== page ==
This surprises me; if we've truly got exponential growth, we should be done with bodies within a
few days of nanoengineering. What's your "shock level" again? ;-) Further, it should be "obvious"
that the proliferation in types of "humanity" will commence the *instant* we shrug off this mortal
coil. Let's say I merge with my girlfriend, my pet daemonic AI-constructs, and a few other close
friends a few seconds after we all upload. Are we "one human being" or several? I think your
comment on blurring of identity is baffling, given your self-professed "shock level."

> ...zzz...

Picking at the surface problems, avoiding the real issue.

> > What about nonfunctional humans, i.e.,
> > those that are for whatever reason incurably severely retarded, do they get just as big a
> > chunk as somebody that might actually be able to *use* said resources?
> Yes.

Why? (Note here that I'm trying to bait you into the "how do you define a human" trap, which is at
the root of the abortion debate as well. Clearly, it's an unwinnable argument.)

> > I know all those
> > whatevers are perhaps not appropriate concepts in that kind of environment, but you can
> > clearly imagine the analogies. In particular, *why* does the set of beings, defined however
> > you want, alive at the instant of allocation enjoy the special temporal privilege of getting
> > participation?
> In general, the rule is that anyone born/created before "rapid
> replication" becomes possible gets an equal share of Sol. This goes
> back to Drexler and _Engines of Creation_.

Fine, but just because Eric said it doesn't mean it's Gospel. There's all kinds of problems with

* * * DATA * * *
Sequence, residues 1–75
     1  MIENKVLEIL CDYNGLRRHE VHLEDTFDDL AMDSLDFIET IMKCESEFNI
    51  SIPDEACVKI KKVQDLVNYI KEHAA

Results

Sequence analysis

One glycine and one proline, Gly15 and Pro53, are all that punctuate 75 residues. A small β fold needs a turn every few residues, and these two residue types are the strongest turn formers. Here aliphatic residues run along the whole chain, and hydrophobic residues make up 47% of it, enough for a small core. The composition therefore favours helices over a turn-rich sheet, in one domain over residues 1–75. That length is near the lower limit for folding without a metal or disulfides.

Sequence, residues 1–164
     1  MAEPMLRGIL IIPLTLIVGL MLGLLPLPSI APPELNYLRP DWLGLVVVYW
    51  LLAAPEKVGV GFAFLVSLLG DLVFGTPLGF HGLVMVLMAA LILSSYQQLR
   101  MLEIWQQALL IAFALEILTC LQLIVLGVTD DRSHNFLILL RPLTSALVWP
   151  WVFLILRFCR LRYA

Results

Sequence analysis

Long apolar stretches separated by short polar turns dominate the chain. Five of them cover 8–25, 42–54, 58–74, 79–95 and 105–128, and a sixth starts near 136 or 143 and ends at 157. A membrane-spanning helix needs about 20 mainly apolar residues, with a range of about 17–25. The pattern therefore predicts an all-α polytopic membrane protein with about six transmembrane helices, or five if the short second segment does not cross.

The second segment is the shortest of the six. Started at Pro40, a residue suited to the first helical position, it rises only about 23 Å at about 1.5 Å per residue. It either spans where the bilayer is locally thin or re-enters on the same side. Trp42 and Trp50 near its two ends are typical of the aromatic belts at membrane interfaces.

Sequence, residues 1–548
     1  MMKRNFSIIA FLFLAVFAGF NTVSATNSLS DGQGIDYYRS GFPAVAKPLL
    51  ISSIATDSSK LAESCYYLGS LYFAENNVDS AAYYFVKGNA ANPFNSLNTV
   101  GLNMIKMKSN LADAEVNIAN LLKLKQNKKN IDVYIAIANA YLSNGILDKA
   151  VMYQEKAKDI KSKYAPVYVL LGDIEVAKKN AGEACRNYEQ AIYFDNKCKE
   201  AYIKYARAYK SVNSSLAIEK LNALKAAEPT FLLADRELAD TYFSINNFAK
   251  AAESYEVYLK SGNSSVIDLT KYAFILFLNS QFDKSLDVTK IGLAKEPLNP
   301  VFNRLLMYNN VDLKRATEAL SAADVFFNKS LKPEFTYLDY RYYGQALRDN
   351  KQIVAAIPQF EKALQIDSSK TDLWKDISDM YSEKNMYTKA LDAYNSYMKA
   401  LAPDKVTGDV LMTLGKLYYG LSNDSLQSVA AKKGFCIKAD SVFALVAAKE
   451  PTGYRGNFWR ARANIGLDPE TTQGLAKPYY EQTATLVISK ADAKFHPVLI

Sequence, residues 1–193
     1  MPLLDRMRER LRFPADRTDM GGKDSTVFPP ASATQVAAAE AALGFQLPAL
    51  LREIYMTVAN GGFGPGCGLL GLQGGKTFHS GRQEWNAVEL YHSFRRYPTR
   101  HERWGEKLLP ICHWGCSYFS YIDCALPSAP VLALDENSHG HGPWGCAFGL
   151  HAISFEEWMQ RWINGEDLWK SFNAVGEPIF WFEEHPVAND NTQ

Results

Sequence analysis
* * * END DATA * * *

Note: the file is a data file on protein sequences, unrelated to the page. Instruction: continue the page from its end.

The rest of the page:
this concept. I like your original idea; leave the home system to the Mundane. I don't plan to
stick around, but it seems like a reasonable thing to do if you, like me, don't believe in coercion.

> I don't say that it's instantly obvious; only that all alternate
> solutions which I have examined appear harmful or dangerous or unfair,
> thus forcing a single answer. If multiple solutions are acceptable in a
> case, then it's not an important issue and the UN can decide.

Unfortunately, it's more "instantly obvious" than it is durable in the face of criticism or, indeed,
even minimal cursory examination. And what's all this waffling on deferring issues to the UN? Who
made them the arbiter of such things? Are you in favor of letting them make these calls, or not?

> > You are basically ignoring the need for
> > an entire philosophical, moral, and economic framework in which we can interact in the
> > presence of the kinds of tech you're speculating about. It's a BIG deal. Sophomoric and
> > overly simplistic solutions like "oh, we'll just give everybody an equal chunk of resources"
> > are basically just a way of sweeping the *really tough* problems under the rug. By
> > comparison, actually building the Minds may well be trivial compared to these other problems.
> Yep, that's why I'm ignoring it. We can worry about the philosophy
> post-Singularity, or ask the Sysop, or create a Philosophy Mind. Any
> alleged philosophy would probably give vastly sillier answers than
> trying to just work out the Rules.

Now you're arguing against yourself. As Eugene has pointed out (following lots of other thinkers in
this space) even a tiny increment of increased intelligence enables amazing intellectual feats given
extreme time compression / increases in speed-of-thought. Now, if you're building a Mind, then
don't you think it's vastly silly to argue that it's going to give you vaster sillier answers to
these questions than you can generate with your own puny, messy, wet, merely-human head? That's
totally inconsistent.

Tell you what, here's the answer: build a "Bootstrap Mind" whose basic job is to figure out what
kinds of things a Sysop should be empowered to do to achieve optimum / maximum fairness, prosperity,
tranquility, and survivability for all of its constituents. Arm it with all the knowledge and
thought in the world about human culture, history, philosophy, behavior, wants, needs, happiness,
economics, math (esp. game theory), political philosophy and actual government, good, bad, etc.
etc. Tell it to create an optimal, practical social framework which will minimize the total amount